It was the floor here which was decidedly different, being black slate instead of the familiar cheerful tile; and in the center again was the Star of the West. He smiled to see that star, the work of Gimli as had been true of that on the mantel in his bedroom. He went back to the cold room to fetch six eggs and set them to boil, then went down the passage to examine the rest of the chambers. Again the passage was now floored with black slate with the Star of the West in the center of all, although Sam had told him there was a runner intended to lie over the stonework.
The furniture in the dining room hadn’t yet been brought, and so it remained yet empty. The study, on the other hand, was almost as he remembered it, although the carpet was definitely different, obviously Elvish. He closed his eyes and sniffed deeply, smelling odors from Lothlorien, clean and fresh beyond the scent even of the Shire. He opened them and saw the desk with its slanting face, to the side his stationery box Bilbo had given him, his box of inks, his box of drying sand with its silver sifter, the blotting paper. It was given back--his life; given back, but changed, as he had returned, but changed. Some of what was here in Bag End had been patched, some repaired, some replaced, some yet the same--even as it was with himself. He caressed the surface of the desk, missing the information his third finger would have told him, knowing in his memory what it was. He turned and left the room, went on down the hall to the entrance. Lamps had been replaced; their ropes and chains all new. Some wall sconces were original, others made to match or chosen to complement.
The door was the original door, and the outside had been carefully smoothed and repainted the familiar green, just as the Gaffer and later Sam had repainted it each spring as long as he could remember. A rope had replaced the familiar bell chain, although the knob on it was the one he remembered. The bench on which he’d sat beside Bilbo for an evening pipe was there, the top slat replaced but the sides as they’d always been. The window boxes had been replaced, but then they’d been replaced at least four times since he came here to live anyway.
He went back inside, closing the door behind him. The parlor was different. His chair, which had been Bilbo’s before him, was there, but the table that had stood beside it was gone--sold to Lotho. The sofas had been sold to Lotho, too; and only one of the small tables he remembered remained to the right of the fireplace. But the portraits of Bungo and Belladonna were there, as well as the portrait he’d done of Bilbo that Ham had framed which stood on the right end of the mantel; and the mantel clock Pippin had once dismantled ticked solemnly as it had always done, there between the pair of silver candlesticks Balin had given Bilbo during his last visit. The sight of those candlesticks brought back the memory of the Chamber of Mazurbal, and the tomb there, and he moved forward to touch them gently, knowing his uncle’s friend had now been dead for many years, and his tomb itself had been desecrated by troll and orcs, and was buried now under rubble.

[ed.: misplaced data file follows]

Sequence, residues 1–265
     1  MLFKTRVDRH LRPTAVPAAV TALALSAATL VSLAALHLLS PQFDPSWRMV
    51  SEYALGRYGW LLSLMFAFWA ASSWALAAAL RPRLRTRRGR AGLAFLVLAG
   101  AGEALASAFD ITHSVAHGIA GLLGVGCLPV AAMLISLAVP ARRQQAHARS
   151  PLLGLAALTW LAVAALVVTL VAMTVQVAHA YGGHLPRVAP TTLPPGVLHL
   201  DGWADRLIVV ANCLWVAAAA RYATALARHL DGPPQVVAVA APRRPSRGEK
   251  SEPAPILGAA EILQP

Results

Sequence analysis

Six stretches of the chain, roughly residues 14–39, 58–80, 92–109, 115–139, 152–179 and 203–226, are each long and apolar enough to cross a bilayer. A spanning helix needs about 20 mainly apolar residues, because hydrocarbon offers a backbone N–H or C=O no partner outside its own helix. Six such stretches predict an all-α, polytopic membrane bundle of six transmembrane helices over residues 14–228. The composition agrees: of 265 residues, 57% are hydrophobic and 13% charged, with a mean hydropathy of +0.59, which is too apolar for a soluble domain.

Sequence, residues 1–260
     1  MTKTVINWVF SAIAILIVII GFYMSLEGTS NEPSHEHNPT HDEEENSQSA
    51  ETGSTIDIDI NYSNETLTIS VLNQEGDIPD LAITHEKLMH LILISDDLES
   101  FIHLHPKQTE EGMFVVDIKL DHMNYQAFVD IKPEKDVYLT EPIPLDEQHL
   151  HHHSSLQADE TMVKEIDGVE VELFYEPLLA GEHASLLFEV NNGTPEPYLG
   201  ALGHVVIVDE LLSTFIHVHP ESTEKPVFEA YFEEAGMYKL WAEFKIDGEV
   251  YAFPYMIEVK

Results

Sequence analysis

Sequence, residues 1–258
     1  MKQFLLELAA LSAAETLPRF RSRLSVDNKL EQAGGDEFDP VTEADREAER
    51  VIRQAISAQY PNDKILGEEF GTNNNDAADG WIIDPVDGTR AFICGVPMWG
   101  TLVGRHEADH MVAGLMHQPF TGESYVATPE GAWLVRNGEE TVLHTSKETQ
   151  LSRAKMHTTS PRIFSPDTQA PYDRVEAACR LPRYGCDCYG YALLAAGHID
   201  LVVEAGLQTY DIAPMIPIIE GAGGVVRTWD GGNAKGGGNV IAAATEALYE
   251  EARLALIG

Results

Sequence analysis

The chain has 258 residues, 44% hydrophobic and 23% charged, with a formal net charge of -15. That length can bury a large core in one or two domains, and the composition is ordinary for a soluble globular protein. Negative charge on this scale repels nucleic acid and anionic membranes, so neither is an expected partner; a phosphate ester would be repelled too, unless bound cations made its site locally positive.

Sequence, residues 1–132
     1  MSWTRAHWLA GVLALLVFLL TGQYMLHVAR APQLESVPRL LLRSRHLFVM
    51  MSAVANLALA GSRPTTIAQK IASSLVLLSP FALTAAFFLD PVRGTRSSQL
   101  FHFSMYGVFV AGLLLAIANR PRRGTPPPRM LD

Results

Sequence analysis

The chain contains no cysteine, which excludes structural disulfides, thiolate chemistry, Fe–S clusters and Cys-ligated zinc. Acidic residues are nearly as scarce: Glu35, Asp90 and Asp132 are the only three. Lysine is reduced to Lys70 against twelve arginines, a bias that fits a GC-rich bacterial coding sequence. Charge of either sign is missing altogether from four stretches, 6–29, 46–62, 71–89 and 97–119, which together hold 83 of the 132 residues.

He went back up the hallway, looking at the second parlor, which no one had ever really used since Belladonna’s death, the first of the guest bedrooms and then the rest in turn, most of them empty now, for their furniture had been sold with the smial and had been destroyed. The only room that hadn’t been damaged or its furniture destroyed was the room opposite the master bedroom, that in which Lobelia had slept; the furniture here was hers, the bed hers, the chairs hers as well. Why Sharkey and his Men had left the room untouched was one of the many mysteries of their time. Its door had been locked when they first came to seek Lotho, but the key had hung in its place in the first pantry where the keys to all the rooms had hung. Why had no one unlocked it after Lobelia had been drug away to Michel Delving until he’d come here with Pippin, Merry, and Sam? Frodo shook his head, then shut the door again.
Bilbo’s room was much as it had been, save the walls and floor had all needed to be redone. As in his room the planks laid for the floor were all new as well as the wainscoting and the paint on the walls. But it was the familiar big bed that sat there now, what had been Bungo’s and Belladonna’s bed, then Bilbo’s, the bed long enough to allow even Gandalf a nearly normal sleep, as long as he slept on his side and had his knees bent a bit.
Frodo paused as he looked at the mantel and saw that here, too, Gimli had left his mark, the tree trunks and branches, the Star of the West. Tears slipped down his face, yet he was somehow reassured by that change, although he couldn’t have said how or why. He left it and went back to the kitchen again, took the eggs and poured off the boiling water, cooled them under the pump. He set out butter and knives and plates and forks and spoons, then a pot of currant jelly--May’s currant jelly that he’d always liked--then sliced bread and was toasting it when Sam entered the back door. He looked up, smiling to see his friend enter.
“Do you feel up to a second breakfast?” Frodo asked.